This city was constructed using most cutting edge science, with the most expensive materials. Then, this meant glass—salt, rock, silica, the heat of a kiln. Today we call this vitrification, but the early architects thought of it as a kind of alchemy, sand transmuted to something much purer, but fragile for it. As the city grew, people began to think of them not as craftspeople but holy men, and to service them was to be that much closer to the divine. In those first boomtown decades, the hills were painted with long columns of indentureds as they hauled saddlebags of sand from the ocean to the Mission. Had the Northerners arrived with their airships before this practice was outlawed, one of the city’s many poets would’ve written how from the sky the laborers looked like ants returning to the colony with their glorious bounty of ort, stolen from two women, lovers, who'd been picnicking on bread and cheese and pears. But the Northerners arrived epochs later to find little evidence these antiquated practices.
That is, until years later when the Northerners, now citizens, rediscovered what they believed to be an older, purer philosophy, how the architects believed glass revealed the true nature of reality. If you gaze absently at a pane of glass, you will see clear through to the other side and its greener grass. But look a little longer, a little closer, and you will see that this world is only an illusion, that the glass itself is a side, opaque with light that fails to pass through, milky from where it has been handled. And if you’re lucky, as you turn the glass in your dextrous hands, you’ll catch a glimpse of its maker, that sinister self, the one true architect. He is trapped within the pane, branded by the fingerprints of those who would have the perfect picture on the other side as their own. Glass reveals the true nature of reality by obscuring it. Glass reveals that revelation is impossible. Reflect on glass long enough and it will reflect you, on you, for you.
This, of course, is nonsense. A charming anachronism. Nothing more than the occult murmurings of a dead era. The Mission burned down when the central kiln collapsed, dragging half the city with it. Since then, the city has been razed and rebuilt countless times, replaced each time by superior technology and materials. Today, we synthesize glass from the waste of other processes. The monorail has made airships obsolete and labor occurs in the comfort of skyscrapers. Astrophysicists have proven that the universe is made up of submaterial wavelets called altas. Tomorrow, we will have the dome to regulate climate and light. Labor will be automated and leisure tours in airships will return to fashion. Cosmologists will prove altas comprise a subenergic demiparticle they will term atlas. Classicists, appreciating the obvious irony, will return to ancient texts and show that the truth had been there all along, that Atlas had indeed been supporting the world on his shoulders, just as indentureds once strapped yokes to their back every morning, their ritual to prepare for the day’s haul.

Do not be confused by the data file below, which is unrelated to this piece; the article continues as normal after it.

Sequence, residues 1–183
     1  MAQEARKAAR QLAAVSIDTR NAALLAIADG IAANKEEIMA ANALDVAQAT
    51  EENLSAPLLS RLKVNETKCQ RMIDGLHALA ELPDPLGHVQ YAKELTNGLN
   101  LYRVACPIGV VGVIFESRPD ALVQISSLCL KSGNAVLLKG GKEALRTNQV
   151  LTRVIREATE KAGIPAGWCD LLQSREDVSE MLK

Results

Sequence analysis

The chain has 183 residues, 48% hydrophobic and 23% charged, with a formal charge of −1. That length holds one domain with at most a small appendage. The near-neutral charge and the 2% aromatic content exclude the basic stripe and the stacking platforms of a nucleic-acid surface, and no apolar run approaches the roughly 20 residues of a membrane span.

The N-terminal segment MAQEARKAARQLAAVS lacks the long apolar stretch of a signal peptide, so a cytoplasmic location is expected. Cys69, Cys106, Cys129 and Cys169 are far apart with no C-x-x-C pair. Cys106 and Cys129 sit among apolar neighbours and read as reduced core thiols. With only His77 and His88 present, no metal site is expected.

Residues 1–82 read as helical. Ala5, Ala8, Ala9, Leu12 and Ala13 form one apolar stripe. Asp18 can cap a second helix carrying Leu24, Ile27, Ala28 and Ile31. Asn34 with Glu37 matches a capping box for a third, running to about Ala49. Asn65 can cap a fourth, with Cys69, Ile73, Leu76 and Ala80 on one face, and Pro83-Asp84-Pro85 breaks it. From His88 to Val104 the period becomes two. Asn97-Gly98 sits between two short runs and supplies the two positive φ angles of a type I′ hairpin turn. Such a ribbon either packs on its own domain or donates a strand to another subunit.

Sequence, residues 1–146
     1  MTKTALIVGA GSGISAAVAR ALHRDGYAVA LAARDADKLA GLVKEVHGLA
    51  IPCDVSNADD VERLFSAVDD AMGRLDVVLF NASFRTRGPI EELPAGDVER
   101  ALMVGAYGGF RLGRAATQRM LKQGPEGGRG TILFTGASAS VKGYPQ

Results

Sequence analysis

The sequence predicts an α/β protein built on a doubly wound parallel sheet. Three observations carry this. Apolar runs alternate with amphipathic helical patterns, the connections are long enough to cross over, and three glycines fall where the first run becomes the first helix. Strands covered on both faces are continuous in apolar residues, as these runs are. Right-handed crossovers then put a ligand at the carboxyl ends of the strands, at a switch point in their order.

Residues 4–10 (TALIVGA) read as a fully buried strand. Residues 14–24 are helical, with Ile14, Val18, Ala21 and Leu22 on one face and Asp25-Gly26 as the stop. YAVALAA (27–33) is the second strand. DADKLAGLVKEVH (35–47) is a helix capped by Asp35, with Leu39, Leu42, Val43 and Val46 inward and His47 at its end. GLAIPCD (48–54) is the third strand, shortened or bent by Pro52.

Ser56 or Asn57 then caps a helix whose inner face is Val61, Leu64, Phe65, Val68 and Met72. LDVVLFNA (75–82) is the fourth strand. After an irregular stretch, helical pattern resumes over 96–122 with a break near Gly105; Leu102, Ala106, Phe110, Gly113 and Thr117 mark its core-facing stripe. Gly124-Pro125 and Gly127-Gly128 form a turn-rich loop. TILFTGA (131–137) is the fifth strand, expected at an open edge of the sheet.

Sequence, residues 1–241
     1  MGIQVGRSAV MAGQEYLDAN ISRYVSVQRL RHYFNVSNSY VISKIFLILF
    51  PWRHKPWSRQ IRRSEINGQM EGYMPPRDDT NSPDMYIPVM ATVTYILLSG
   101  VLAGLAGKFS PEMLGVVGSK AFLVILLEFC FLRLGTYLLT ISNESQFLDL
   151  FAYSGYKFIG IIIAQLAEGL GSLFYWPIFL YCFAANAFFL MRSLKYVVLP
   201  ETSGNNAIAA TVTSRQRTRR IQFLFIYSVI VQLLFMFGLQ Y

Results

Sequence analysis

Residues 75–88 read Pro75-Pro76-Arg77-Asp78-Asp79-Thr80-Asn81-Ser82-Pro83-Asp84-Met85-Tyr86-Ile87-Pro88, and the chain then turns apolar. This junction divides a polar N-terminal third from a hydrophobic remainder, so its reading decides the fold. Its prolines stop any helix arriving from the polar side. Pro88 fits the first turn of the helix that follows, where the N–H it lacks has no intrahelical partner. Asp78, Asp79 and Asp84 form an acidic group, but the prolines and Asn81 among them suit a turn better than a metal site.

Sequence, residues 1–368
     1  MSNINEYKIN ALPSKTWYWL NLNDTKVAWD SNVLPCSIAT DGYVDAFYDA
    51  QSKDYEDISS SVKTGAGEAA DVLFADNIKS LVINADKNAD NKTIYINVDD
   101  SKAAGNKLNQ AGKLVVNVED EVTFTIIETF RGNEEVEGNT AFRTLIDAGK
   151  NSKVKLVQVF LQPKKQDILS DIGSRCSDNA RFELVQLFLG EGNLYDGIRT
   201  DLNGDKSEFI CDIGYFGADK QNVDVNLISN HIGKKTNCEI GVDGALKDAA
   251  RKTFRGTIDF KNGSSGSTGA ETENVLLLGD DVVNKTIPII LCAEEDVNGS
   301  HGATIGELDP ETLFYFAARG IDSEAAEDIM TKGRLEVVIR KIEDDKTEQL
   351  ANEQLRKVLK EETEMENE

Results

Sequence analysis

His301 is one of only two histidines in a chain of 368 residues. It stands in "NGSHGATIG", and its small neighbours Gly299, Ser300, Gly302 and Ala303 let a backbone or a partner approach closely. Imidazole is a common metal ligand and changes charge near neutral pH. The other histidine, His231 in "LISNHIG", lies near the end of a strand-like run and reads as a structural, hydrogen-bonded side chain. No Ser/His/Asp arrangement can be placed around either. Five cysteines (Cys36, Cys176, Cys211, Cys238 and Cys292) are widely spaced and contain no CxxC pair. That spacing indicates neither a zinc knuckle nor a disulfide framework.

Among them will be a man, a pintado, older than the others, but still taut of body, strung like a bronze bow, some might say, though I cannot. I might have you believe the glyphs tattooed on his face indicate that he too was once a holy man, but from behind the glass of the airship’s observation deck, they might as well be the lines of a poem, invisible strings vibrating the two lovers in and out of existence as I see fit. The lovers, caught up in one another and the perfect Indian summer day, forget to wrap their items before falling into a siesta that will last centuries, and so the ants are free to take what they wish. The spoils.